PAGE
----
God helped me understand something really exciting last night that's too good to keep (although it will probably seem so obvious to some of you readers that you will be perplexed at why this is a "big revelation"). Last night, mid-way through sauteing dinner, God totally corrected me on a misconception I've long held about Him.
The bottom line: God's love (agape) really is unconditional. I was wrong in thinking I can lose it. Looking at the whole of Scripture, we can make a water-tight case for that. This is HUGE to me and makes all the difference. Let me explain......
John Piper writes that God's love is unconditional "in a sense" - His electing love and regenerating love are not conditioned on our response. This is certainly true, but it doesn't answer the question of whether He loves everybody, and if we can "lose" His affection when we (His children) mess up. We're not talking about a saving love - obviously we know salvation is conditioned upon faith in Christ and repentance. I'm talking about how He feels about us when we're disobedient and not giving Him our whole hearts.
I've been struggling lately with John 14:21 and John 15:9-11, which make it sound as if His love is conditioned upon our obedience. I am not perfectly obedient, and the harder I try to repent and submit to His lordship, the more discouraged I get. I feared the threat of His withdrawing His love from me. Last night, as I was cooking, I started wondering if the Greek term in those verses might be "phileos", brotherly love/fellowship, which Peter confessed he had for Christ in John 21 (realizing he didn't truly have the perfect, unconditional "agape" love Christ was asking for). It would make sense, I thought, since Jesus is talking about those already in the Kingdom. Perhaps we could understand those verses to mean that if we don't "abide in" or don't obey Him, we forfeit a sense of His fellowship. Estranged relationally, we don't experience the greater intimacy of friendship. The use of "phileos" would help support this interpretation, I thought.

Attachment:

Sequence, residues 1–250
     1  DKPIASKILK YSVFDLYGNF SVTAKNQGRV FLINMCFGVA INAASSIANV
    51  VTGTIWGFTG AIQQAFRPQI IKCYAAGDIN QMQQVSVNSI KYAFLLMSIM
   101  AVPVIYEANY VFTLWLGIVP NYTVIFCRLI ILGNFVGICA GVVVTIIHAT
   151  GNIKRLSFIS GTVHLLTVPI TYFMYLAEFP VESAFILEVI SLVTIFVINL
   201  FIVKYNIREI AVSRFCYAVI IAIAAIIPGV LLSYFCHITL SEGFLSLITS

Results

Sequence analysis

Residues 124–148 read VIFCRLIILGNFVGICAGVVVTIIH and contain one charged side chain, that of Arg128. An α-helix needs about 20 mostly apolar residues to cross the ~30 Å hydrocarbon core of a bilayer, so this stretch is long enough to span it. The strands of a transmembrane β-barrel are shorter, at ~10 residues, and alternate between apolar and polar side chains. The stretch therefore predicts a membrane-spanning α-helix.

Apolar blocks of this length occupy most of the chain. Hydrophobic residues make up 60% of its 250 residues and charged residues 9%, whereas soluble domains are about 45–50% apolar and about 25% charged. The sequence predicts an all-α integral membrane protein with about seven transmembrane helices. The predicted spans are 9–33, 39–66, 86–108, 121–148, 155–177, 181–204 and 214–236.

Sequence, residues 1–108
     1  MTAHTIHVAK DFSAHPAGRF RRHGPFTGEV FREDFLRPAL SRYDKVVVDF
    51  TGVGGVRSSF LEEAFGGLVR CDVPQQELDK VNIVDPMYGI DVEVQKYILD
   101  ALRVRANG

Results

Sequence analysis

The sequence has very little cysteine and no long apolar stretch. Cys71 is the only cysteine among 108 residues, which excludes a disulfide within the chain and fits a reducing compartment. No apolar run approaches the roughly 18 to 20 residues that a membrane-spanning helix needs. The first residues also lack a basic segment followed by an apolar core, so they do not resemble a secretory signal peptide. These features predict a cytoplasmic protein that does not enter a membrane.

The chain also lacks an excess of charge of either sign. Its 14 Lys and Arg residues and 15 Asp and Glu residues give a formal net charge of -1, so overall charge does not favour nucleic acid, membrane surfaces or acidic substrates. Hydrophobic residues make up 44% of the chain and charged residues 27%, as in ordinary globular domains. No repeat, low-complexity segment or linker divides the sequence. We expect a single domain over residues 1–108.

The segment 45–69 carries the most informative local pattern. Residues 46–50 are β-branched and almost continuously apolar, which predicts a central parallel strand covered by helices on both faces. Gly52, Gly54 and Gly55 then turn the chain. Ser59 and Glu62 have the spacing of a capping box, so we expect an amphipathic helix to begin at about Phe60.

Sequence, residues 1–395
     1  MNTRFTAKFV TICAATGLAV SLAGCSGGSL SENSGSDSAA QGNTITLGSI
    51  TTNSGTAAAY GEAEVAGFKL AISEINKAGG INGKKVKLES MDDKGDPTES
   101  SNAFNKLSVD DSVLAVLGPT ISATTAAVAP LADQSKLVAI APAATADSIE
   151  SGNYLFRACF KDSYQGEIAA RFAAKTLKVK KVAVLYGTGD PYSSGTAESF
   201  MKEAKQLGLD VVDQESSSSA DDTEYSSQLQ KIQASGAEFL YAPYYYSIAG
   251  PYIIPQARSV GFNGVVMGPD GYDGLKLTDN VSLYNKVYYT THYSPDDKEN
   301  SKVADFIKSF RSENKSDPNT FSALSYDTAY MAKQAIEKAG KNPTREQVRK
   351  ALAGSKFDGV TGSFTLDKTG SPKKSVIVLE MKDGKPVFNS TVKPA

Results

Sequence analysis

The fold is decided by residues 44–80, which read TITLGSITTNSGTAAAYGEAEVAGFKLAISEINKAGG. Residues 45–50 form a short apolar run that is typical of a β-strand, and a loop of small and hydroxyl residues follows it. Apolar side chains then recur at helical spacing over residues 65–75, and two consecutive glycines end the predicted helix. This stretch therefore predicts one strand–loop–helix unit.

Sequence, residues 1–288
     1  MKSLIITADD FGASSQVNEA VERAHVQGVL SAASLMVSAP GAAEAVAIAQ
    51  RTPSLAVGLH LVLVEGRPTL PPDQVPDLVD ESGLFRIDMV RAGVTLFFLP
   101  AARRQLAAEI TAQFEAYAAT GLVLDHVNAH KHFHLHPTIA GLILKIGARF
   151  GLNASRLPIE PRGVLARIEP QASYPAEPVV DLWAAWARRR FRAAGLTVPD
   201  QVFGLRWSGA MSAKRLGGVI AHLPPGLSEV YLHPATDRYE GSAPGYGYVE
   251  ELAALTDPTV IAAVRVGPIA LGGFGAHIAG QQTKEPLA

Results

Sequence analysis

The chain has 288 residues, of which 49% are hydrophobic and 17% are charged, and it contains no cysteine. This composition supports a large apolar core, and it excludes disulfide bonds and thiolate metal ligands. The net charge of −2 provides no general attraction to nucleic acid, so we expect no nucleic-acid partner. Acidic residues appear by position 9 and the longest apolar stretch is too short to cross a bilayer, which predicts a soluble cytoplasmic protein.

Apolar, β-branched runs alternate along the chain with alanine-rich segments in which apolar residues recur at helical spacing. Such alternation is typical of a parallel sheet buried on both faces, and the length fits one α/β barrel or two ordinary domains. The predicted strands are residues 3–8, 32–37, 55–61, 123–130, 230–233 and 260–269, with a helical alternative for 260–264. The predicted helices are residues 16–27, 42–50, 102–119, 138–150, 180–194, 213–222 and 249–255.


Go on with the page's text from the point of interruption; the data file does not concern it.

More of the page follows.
So I checked Strong's, but no; it wasn't "phileos". All of the verses that link God's love to obedience and walking with Him promise "agape". Hmm. This is a puzzle, because taken at face value, it would indicate that God is threatening to stop loving us if we don't please Him, which doesn't add up.